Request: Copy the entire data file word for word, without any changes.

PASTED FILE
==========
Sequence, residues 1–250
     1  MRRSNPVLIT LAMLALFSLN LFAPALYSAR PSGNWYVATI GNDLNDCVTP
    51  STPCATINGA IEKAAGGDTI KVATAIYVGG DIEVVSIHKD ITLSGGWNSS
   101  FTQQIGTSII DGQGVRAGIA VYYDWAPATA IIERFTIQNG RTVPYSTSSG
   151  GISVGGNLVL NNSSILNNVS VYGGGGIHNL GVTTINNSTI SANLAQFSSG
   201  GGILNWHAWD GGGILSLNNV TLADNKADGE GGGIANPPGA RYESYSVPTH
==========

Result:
Sequence, residues 1–250
     1  MRRSNPVLIT LAMLALFSLN LFAPALYSAR PSGNWYVATI GNDLNDCVTP
    51  STPCATINGA IEKAAGGDTI KVATAIYVGG DIEVVSIHKD ITLSGGWNSS
   101  FTQQIGTSII DGQGVRAGIA VYYDWAPATA IIERFTIQNG RTVPYSTSSG
   151  GISVGGNLVL NNSSILNNVS VYGGGGIHNL GVTTINNSTI SANLAQFSSG
   201  GGILNWHAWD GGGILSLNNV TLADNKADGE GGGIANPPGA RYESYSVPTH